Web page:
The provisions of the Competition Act that prescribe personal liability for contraventions are widely worded and somewhat ambiguous in terms of when and who they apply to. CCI did have occasion to consider the question of individual liability under Section 48, albeit briefly, in a few early cases. In Varca Drugs & Chemists & Others v. Chemist & Druggist Association (‘CDAG’), CDAG’s practices were themselves found restrictive and anti-competitive in the pricing and supply of pharmaceutical drugs, in violation of the cartel provisions under Section 3 of the Competition Act.1 CCI went a step further to also hold members of the executive committee of CDAG liable for the same violation. The test used to identify these individuals was their level of involvement and decision-making capacity in relation to CDAG. This standard of review permitted CCI to extend the inquiry to those individuals that were not members, but were active in the affairs of the association. Although an actual penalty was not imposed on these individuals as part of this order, a request for their financial statements was made, upon which to base any future punitive action.


In another pharmaceutical cartel investigation, the Chemists & Druggists Association of Baroda (‘CDAB’), was held in contravention of Section 3, and was also faced with a request for personal financial records of its executive members.2 This issue was temporarily suspended solely on account of a currently pending action filed before the Gujarat High Court by executive members of CDAB, which issued an interim stay on CCI’s proceedings.


To round off the trilogy is CCI’s decision in M/s Santuka Associates Pvt Ltd v. All India Organization of Chemists and Druggists3 (‘AIOCD’), where details of office bearers were specifically sought to determine the imposition of liability in conjunction with that of AIOCD. As with the members of CDAG, the issue was set aside for determination upon submission of the requested information.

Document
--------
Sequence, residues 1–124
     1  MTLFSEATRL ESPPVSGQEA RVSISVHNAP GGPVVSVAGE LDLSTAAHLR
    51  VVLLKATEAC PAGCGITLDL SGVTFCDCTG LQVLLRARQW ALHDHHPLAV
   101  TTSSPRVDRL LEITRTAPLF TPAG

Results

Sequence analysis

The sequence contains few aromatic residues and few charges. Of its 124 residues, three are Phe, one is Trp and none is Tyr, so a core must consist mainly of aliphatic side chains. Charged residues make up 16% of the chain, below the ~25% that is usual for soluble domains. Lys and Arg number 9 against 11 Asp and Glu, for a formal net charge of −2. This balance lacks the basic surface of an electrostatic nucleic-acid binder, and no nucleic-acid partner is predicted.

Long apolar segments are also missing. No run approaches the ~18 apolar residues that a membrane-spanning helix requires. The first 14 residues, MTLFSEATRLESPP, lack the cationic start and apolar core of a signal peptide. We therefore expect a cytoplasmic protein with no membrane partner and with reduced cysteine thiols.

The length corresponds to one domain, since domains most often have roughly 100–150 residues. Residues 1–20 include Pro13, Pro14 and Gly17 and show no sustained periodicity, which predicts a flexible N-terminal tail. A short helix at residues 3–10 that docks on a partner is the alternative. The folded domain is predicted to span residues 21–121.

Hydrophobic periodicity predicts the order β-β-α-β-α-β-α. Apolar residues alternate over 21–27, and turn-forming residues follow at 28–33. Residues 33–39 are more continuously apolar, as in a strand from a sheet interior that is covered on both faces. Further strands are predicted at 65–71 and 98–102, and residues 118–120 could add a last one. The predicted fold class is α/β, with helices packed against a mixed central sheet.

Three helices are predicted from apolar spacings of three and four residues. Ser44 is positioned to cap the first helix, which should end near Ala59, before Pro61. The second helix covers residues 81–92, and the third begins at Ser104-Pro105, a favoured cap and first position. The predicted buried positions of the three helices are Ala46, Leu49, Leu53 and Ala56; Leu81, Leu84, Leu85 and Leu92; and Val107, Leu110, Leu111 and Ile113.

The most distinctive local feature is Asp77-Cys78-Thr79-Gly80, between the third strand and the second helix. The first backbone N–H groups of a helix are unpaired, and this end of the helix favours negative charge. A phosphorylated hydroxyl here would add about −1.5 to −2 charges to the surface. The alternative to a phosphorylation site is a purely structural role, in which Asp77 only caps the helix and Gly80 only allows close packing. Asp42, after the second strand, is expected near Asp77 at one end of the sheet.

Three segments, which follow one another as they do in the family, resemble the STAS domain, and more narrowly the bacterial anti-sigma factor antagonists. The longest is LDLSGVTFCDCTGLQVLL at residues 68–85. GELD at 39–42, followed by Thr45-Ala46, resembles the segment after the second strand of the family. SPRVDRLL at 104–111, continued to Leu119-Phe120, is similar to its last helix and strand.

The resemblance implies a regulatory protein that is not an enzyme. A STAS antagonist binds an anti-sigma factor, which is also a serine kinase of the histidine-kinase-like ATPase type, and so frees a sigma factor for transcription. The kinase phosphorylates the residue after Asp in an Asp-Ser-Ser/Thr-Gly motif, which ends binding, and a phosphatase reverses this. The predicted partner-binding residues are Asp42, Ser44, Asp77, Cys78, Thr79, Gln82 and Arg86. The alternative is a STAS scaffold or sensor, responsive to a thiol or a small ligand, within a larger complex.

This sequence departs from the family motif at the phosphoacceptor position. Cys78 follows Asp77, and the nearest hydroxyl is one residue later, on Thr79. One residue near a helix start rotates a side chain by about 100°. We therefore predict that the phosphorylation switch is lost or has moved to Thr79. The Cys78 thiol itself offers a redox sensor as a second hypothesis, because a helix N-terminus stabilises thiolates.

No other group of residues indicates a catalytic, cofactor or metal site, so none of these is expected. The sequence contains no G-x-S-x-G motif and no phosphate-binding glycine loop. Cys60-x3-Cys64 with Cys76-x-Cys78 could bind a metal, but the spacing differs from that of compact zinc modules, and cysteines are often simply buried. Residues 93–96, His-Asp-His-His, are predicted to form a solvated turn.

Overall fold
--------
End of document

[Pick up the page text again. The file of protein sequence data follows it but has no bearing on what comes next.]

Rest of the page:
In all these three cases, the CCI has for one reason or the other, stopped short of actually imposing tangible individual liability for cartel infringements by companies. However, competition authorities elsewhere have similar powers to impose sanctions on individuals for the offenses committed by companies, and have not stopped short of actually using them. In the United States (‘US’) for example, individual liability for violations of antitrust law is predicated on when the person, “knowingly participates in effecting the illegal contract, combination, or conspiracy”4 and can be both monetary as well as punitive in the form of imprisonment. Similarly, in the United Kingdom (‘UK’), under the UK Enterprise Act, 2003, individuals can face an unlimited fine and/or imprisonment up to 5 years in addition to a potential disqualification for up to 15 years.5 A notable example is the Marine Hose case, 6 which saw the disqualification and imprisonment of three top officials.